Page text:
Different tours of the house museum floors, gardens, and galleries can be arranged by calling 800.448.3883 or emailing tourinfo@winterthur.org for more information. A special "Yuletide" 1-hour tour allows visitors to experience traditions of the past on Floors 1, 4 & 5 while the house is decorated especially for the holidays (ticket prices are increased at this time only).

    All reservations and tour tickets can be purchased online or by phone by calling 800.448.3883 or 302.888.4600. General Admission tickets include viewing of special exhibitions.

    Museum and Garden:
    Tuesday–Sunday, 10:00 am–5:00 pm
    Last tour tickets sold at 3:15 pm. Last tour is at 3:30 pm.
    Closed Mondays (except during Yuletide), Thanksgiving Day, and Christmas Day

    Library:
    Monday–Friday, 8:30 am–4:30 pm
    Closed holiday Mondays

    Although I loved the guided tour of the house museum, my distinct reason for wanting to visit Winterthur was for the special exhibition of the "Costumes of Downton Abbey."

    ~Postcard of Winterthur ~ My Photo ~ The Chinese Parlor My Photo ~ Montmorenci Stair Hall My Photo ~ President George Washington's china Postcard of the
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    Winterthur's Visitor's Center

    by starship Updated Sep 17, 2014

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    Your visit to Winterthur begins with the Visitor's Center. A short walk from the parking lots, this building is where you will find the Visitor Services desk, information & maps, Garden Café, a gift shop, and clean restrooms. From here you will take a shuttle for a tour of the gardens or a shuttle to the house museum and exhibitions, but you may also walk the grounds yourself.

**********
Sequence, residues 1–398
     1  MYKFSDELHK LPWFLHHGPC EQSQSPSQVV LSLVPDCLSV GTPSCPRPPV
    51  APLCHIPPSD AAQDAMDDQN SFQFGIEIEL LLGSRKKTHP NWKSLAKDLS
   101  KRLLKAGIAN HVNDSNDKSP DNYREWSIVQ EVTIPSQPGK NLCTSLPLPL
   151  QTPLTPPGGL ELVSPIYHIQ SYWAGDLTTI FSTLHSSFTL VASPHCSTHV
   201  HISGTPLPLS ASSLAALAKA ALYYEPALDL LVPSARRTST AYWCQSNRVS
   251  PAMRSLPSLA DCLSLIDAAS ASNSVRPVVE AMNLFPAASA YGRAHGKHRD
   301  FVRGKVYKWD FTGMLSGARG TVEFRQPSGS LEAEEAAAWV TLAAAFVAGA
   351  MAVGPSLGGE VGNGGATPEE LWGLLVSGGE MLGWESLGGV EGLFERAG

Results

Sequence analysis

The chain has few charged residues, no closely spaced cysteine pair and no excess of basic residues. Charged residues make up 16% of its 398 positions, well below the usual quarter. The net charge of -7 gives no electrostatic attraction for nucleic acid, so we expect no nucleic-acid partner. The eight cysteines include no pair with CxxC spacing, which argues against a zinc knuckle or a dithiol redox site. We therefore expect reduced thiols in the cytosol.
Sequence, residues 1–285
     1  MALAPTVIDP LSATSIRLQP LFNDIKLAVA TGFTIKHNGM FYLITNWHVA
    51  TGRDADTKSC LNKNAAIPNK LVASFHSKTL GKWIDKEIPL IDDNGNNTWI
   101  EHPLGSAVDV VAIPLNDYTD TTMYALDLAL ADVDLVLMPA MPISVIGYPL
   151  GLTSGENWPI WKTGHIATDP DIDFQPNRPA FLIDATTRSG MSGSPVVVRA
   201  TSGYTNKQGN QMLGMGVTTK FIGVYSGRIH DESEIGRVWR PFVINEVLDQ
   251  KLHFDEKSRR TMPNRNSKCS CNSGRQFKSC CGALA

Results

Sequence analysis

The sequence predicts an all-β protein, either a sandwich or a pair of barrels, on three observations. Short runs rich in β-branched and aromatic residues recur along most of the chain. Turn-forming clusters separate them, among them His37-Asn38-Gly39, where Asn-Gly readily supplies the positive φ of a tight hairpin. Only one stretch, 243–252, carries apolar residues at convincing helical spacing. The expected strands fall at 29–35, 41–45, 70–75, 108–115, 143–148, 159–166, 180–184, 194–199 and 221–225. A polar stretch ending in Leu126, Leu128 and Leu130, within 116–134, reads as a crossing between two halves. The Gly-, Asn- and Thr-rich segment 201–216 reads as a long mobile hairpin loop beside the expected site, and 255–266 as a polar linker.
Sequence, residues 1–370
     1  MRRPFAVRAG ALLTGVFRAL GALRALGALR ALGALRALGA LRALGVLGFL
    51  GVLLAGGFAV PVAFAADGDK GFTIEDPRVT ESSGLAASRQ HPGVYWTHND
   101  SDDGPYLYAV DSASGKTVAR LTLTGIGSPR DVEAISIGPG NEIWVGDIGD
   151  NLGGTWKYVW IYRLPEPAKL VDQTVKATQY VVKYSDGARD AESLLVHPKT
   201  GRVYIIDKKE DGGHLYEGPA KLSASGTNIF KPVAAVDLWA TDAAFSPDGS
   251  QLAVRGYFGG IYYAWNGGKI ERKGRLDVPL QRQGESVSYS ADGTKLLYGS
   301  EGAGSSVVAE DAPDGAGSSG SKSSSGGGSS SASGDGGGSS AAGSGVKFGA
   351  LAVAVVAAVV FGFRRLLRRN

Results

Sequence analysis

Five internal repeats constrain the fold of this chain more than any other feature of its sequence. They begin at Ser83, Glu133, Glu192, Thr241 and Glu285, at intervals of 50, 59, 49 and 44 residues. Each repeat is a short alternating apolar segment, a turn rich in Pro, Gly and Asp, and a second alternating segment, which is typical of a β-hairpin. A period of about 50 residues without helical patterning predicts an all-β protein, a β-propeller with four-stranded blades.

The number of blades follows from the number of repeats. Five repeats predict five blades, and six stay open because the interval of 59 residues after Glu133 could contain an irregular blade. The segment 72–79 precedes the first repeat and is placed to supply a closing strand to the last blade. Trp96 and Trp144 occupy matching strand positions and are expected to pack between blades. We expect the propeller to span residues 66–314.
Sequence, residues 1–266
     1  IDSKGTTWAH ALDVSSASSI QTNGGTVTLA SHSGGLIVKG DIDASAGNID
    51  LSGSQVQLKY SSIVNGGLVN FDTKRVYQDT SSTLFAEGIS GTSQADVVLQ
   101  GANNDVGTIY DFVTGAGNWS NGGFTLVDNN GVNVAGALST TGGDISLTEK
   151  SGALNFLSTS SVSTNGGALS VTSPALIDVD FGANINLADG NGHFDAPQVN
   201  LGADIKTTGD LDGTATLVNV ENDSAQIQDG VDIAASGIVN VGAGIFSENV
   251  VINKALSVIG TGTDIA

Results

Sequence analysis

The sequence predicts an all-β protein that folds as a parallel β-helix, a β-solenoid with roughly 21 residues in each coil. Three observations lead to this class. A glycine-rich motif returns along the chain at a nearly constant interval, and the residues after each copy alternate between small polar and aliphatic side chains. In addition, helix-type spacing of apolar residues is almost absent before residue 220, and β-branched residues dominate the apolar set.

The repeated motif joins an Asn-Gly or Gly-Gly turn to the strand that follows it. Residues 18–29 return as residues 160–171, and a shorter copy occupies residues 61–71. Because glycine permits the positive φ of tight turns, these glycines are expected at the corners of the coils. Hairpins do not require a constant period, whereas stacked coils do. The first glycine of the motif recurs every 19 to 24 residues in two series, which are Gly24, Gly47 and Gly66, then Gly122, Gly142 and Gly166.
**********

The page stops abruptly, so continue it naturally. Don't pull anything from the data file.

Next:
Although online advance purchase of tickets would be highly recommended, it may be especially necessary for the duration of popular exhibits such as "The Costumes of Downton Abbey," and also on special occasion days such as Mother's Day. If you purchase tickets by phone or online, bring along your printed confirmation and a ticket(s) must be picked up at the Visitor's Center. Tickets/reservations may also be made in person at the Visitor Services desk in the Visitor's Center. Tickets for tours of the house museum, as well as for special exhibits are timed to avoid crowding.

    Ticket pricing information -- General admission tickets include admission to the gardens and grounds, all museum galleries and special exhibitions including the current "Costumes of Downton Abbey," a 45-minute guided house tour* (subject to availability) and a 30-minute garden tram tour (weather permitting).

    2014 Prices -- Adult -$20; Child (2–11) - $5; Infant (under 2) - Free; Senior (62) - $18;
    Student (with valid ID) - $18

    *Effective November 22, 2014, ticket prices will increase during Yuletide (November 22, 2014–January 4, 2015), but will return to the regular pricing in spring 2015. As always, Members are free.

    NOTE: 2014 Yuletide Pricing
    Member - Free; Adult - $25; Child (2–11) - $5; Infant (under 2) - Free; Senior (62) - $23;
    Student (with valid ID) - $23

    Parking is free.

    Hours:
    Museum and Garden -
    Tuesday–Sunday, 10:00 am–5:00 pm
    Last tour tickets sold at 3:15 pm. Last tour is at 3:30 pm.
    Closed Mondays (except during Yuletide), Thanksgiving Day, and Christmas Day
    Library -
    Monday–Friday, 8:30 am–4:30 pm
    Closed holiday Mondays

    The timing of our visit worked perfectly. Our house museum tour was scheduled for 1pm and our tea for 3pm. Since we arrived about 11:30am, we were able to catch the narrated garden-tram ride. Discovering the highlights of the gardens, or at least a portion of them, and learning a bit about the history of the estate before moving on to the house museum and exhibition was an excellent beginning.

    Visitor's Center Garden Cafe
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    Gardens at Winterthur

    by grandmaR Updated Jun 8, 2007

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    Henry Francis du Pont (1880-1969) was quite a gardener, and he might have still been alive when I visited Winterthur in the spring and summer of 1969.

    As a young man, he had taken classes at the Arnold Arboretum and he planted his first narcissus bulbs at Winterthur in 1902. He worked with MIT-trained landscape architect Marian Coffin on nearly 70 acres of gardens and a model 2400-acre farm.

    Although I didn't take any of the tours, I did walk around the gardens at lunch between house tours. The gardens really impressed me because they were in natural settings with a succession of bloom which I have tried to emulate at my own home, of course on a much restricted budget, with a lot less space than Winterthur's 982 acres.